Here's Why Medical Experts Say College Football Should Be Sidelined During Pandemic

The Clemson campus remains open in a limited capacity due to the coronavirus pandemic.  (Maddie Meyer/Getty Images)

Experts say it's possible for athletes to play football safely during the COVID-19 pandemic — with the right protective measures.

But college football poses its own risks. With athletes attending class and living the freewheeling campus lifestyle, it’s a much more challenging prospect, according to leading Bay Area doctors and epidemiologists.

“The players are supposed to go to school, too, the last time I checked,” said George Rutherford, an epidemiologist at UCSF. “Locker room, games, practices, weight training, all that can be made safe through testing, cleaning, wearing masks, improved ventilation in weight rooms."

Even in a contact sport like football, the risk of transmission can be lowered if the game is played outside and helmets are outfitted with face-shields.

"But the wild card is what happens when they walk out into the general student body,” says Rutherford.

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With confirmed coronavirus cases inside major football programs like Rutgers and LSU, athletes are growing increasingly concerned about catching and transmitting the virus. Some are accusing league officials of failing to meet calls for improving safety measures, while exploiting the athletes for the economic gain of the school.

Players Go Public

Dissatisfied with how their universities have handled the pandemic, a group of a dozen Pac-12 football players threatened to opt out of the season in an open letter to conference managers, published over the weekend and distributed on social media with the hashtag #WeAreUnited.

“We are being asked to play college sports in a pandemic in a system without enforced health and safety standards, and without transparency about COVID cases on our teams, the risks to ourselves, our families, and our communities,” the letter reads.

The players say they've been communicating with more than 400 of their peers throughout the Pac-12, the Associated Press reported.

The players tied the actions to what they describe as the league’s failure to meet a broader range of social justice commitments. They demand that universities distribute half of the revenue generated by each sport among the athletes, stop requiring athletes to sign coronavirus liability waivers, provide extended health insurance and develop a social justice task force. In recent years, nearly half of Division I men's football players were Black.

“The lack of regard for our health and safety is central to the systemic racial injustices imposed by NCAA sports that disproportionately exploits Black athletes physically, academically, and financially,” they wrote in an email to league officials.

In a two-page response letter, Pac-12 Commissioner Larry Scott, agreed to speak with the players, Sports Illustrated reported.

In the letter, Scott said that player health is the league’s “No. 1 priority,” and “We support any student-athlete who chooses to opt out for health and safety reasons.” For players with pro football aspirations, opting out of a season could have enormous career consequences.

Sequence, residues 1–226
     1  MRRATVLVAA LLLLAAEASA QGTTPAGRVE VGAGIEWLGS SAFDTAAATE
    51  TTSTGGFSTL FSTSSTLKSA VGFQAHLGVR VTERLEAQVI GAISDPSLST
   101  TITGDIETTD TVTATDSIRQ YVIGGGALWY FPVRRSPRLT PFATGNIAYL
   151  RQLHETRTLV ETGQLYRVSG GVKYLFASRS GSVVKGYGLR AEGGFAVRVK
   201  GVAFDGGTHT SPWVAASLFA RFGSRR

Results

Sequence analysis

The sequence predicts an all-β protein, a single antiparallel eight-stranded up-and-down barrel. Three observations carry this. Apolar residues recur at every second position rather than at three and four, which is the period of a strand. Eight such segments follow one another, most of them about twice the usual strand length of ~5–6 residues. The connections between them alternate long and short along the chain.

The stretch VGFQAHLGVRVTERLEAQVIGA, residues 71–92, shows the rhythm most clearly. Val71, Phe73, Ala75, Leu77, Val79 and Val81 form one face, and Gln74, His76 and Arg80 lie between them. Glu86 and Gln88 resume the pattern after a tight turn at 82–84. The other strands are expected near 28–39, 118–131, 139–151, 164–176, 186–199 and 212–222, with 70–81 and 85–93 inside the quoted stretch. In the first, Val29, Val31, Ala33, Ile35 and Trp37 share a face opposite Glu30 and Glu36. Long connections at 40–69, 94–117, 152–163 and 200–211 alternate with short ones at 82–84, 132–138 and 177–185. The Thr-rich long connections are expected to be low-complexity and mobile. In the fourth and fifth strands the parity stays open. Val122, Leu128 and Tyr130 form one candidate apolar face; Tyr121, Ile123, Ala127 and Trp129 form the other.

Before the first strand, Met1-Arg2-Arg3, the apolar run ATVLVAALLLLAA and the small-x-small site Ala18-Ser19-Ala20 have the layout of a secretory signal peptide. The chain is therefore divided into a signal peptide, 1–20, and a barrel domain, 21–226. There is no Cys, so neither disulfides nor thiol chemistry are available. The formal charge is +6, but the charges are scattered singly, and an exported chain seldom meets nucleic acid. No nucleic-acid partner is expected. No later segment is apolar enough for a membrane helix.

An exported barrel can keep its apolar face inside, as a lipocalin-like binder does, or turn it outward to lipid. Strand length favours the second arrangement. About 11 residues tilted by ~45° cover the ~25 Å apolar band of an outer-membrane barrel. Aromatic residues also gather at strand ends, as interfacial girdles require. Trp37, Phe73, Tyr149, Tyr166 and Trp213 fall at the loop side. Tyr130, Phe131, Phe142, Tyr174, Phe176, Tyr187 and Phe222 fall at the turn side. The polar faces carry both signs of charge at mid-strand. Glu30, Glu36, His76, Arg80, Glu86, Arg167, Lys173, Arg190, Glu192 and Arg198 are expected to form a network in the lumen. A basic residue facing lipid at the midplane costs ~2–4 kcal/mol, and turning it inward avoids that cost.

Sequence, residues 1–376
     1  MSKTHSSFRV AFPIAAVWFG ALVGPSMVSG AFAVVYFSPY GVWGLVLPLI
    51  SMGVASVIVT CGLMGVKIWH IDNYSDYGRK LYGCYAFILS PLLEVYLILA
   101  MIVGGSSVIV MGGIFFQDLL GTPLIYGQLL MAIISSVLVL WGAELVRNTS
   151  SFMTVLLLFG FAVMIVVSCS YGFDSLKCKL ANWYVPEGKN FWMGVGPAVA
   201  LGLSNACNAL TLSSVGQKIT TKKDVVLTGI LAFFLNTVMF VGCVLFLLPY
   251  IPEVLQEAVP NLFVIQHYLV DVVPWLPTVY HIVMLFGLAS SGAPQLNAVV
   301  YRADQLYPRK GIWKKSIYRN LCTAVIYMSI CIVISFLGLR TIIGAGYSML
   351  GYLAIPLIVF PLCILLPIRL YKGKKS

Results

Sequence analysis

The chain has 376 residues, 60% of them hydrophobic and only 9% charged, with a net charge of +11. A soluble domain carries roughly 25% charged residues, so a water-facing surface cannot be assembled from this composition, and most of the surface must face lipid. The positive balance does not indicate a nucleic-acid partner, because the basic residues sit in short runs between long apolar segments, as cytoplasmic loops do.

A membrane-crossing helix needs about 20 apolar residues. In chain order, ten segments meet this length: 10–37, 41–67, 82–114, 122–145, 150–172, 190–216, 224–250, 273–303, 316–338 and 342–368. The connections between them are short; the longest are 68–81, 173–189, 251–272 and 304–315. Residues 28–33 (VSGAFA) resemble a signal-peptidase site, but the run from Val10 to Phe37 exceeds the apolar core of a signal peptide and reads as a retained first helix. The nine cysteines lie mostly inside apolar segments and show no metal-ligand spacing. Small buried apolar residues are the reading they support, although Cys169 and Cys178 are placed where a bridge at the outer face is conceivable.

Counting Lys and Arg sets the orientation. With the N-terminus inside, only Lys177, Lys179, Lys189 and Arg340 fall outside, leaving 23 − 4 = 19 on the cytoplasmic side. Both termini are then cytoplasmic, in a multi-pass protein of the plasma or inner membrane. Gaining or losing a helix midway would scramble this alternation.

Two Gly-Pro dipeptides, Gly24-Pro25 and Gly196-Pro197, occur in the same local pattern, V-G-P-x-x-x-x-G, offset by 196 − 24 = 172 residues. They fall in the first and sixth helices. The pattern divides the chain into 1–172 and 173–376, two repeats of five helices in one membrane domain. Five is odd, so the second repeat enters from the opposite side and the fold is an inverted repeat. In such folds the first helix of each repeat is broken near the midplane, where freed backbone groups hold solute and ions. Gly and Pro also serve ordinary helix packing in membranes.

The Mercury News reported that players and the conference appear close on some matters and "galaxies apart on others."

Long-Term Health Risks

Brian Feeley, chief of sports medicine at UCSF, says the long-term health impacts of COVID-19 need to be better understood. By example he points to Eduardo Rodriguez, ace pitcher for the Boston Red Sox, who suffered only minor symptoms of COVID-19, only to be sidelined for the season due to inflammation around his heart linked to the virus.

“To be honest — as much as I love football, as much as I love college sports — my gut instinct is that we should hold off until we know more about the disease process and potentially even have a vaccine,” Feeley tells KQED.

“Sports are important," he says, adding, "They're not as important as your livelihood and your life. Setting people up for long-term disability when they're already inherently at risk from playing sports — it is not worth the risk at this time.”

Cassandra Lee, a physician and chief of sports service at UC Davis, agrees that with face shields, aggressive testing and other protective measures, the risk of coronavirus infection during the game is less. But she wonders if athletes kept up with their training during government-mandated shelter-in-place orders, and she worries about players getting hurt while competing in less than peak condition.

“These high-level athletes are working out, training hard and then they get the rug pulled out from under them in early spring,” she says. “We joke that we’ve all gained the 'COVID 20.'"

Dean Winslow, an infectious disease specialist at Stanford, says the NBA has demonstrated that contact sports can be safer for players with aggressive testing and isolation. The league built a quarantine zone inside Disney World designed to shield players and staff from exposure to the coronavirus.

“The NBA did it right,” he says, but questioned whether that could be replicated at universities and state schools with fewer resources and where college athletes are free to eat at restaurants, attend parties and drink at bars.

“In my mind, these are more significant factors for transmission than athletes acquiring infection from the actual sport,” Winslow says.